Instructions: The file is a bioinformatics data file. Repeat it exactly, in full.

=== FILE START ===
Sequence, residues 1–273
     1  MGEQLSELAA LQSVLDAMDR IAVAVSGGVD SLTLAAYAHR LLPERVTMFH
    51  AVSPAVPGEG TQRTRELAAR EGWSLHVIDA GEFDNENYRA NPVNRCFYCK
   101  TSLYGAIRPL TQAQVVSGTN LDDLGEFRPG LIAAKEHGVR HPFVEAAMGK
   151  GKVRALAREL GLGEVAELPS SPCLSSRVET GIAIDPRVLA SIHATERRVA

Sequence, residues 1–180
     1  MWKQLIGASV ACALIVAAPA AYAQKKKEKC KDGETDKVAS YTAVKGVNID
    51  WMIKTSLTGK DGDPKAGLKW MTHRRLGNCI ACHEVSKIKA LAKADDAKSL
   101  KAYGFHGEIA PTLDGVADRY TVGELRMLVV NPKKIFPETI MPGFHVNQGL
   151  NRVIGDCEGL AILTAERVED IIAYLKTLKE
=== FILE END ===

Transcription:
Sequence, residues 1–273
     1  MGEQLSELAA LQSVLDAMDR IAVAVSGGVD SLTLAAYAHR LLPERVTMFH
    51  AVSPAVPGEG TQRTRELAAR EGWSLHVIDA GEFDNENYRA NPVNRCFYCK
   101  TSLYGAIRPL TQAQVVSGTN LDDLGEFRPG LIAAKEHGVR HPFVEAAMGK
   151  GKVRALAREL GLGEVAELPS SPCLSSRVET GIAIDPRVLA SIHATERRVA

Sequence, residues 1–180
     1  MWKQLIGASV ACALIVAAPA AYAQKKKEKC KDGETDKVAS YTAVKGVNID
    51  WMIKTSLTGK DGDPKAGLKW MTHRRLGNCI ACHEVSKIKA LAKADDAKSL
   101  KAYGFHGEIA PTLDGVADRY TVGELRMLVV NPKKIFPETI MPGFHVNQGL
   151  NRVIGDCEGL AILTAERVED IIAYLKTLKE